Plans to build a Shaolin temple, four-star hotel and kung-fu academy south of Nowra are finally moving forward after years of delays.
The proposal to build the Shaolin temple and tourist complex on the Comberton Grange property has been around for seven years, but plans are finally starting to take shape, with the project's environment assessment report going on public display on Monday.
It will be available for a month at Shoalhaven City Council's offices and on the Planning Department's website.
The $360 million proposal includes plans for a temple along with accommodation for between 30 and 50 monks in a walled precinct, a kung-fu academy with educational facilities and student housing, and a village centre offering commercial, retail and dining facilities to serve tourists and local residents.
Those residents will be living in 300 housing lots included in the development, or in four-storey buildings offering serviced apartments designed to accommodate visiting individuals and families.
A four-star hotel included in the plan is expected to offer accommodation for 500 guests.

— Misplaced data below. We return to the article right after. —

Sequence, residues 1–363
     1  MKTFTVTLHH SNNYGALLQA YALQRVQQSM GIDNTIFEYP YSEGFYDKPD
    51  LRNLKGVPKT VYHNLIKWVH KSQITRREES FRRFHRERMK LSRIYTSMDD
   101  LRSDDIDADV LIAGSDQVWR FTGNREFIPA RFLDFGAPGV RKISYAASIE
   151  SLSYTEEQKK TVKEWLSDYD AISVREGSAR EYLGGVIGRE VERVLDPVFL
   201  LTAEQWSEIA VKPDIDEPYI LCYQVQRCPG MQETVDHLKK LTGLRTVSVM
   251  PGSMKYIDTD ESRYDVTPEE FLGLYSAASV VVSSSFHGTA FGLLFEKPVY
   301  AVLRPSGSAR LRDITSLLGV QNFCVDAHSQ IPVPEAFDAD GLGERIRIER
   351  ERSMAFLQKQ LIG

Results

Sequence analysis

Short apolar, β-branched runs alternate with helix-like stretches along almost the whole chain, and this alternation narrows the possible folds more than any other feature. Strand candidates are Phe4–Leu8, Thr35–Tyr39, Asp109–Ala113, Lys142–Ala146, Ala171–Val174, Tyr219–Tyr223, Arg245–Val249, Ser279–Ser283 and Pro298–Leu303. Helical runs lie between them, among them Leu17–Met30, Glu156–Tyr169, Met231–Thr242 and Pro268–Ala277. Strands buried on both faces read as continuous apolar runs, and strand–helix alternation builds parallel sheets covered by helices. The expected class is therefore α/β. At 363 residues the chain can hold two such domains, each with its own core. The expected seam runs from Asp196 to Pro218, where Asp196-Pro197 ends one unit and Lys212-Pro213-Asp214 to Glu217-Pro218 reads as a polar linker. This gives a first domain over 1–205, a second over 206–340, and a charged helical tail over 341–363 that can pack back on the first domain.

There is also an 18-hole golf course, a health and wellness precinct offering a traditional Chinese medicine centre and a fitness centre, while a Chinese herbal garden is planned near the quarry pond.
Agricultural and herbal farms and an information precinct near the entrance to the site are also included in the plan.
Though the environment assessment report is going on display next week, the development application still has some way to go before it is approved.
Shoalhaven City Council's co-ordinator of major development applications called in by the state government under Part 3A of planning regulations, John Britton, said several steps were still required.
He said the planning department was writing to individual landholders asking for their views, and all public submissions would be assessed along with responses from government departments and agencies.
Planning officials often found gaps in the information provided to them, Mr Britton said, and regularly called for additional reports along with responses from the applicant to issues raised during the exhibition process.
While the Shaolin application covered all the planned development, it was "quite likely at some point the applicant might ask for the approval to be in stages," Mr Britton said.
The public exhibition comes just days after the council agreed to defer interest payments due earlier this month on the Comberton Grange property purchase, for six months or until the environment assessment plan was approved.
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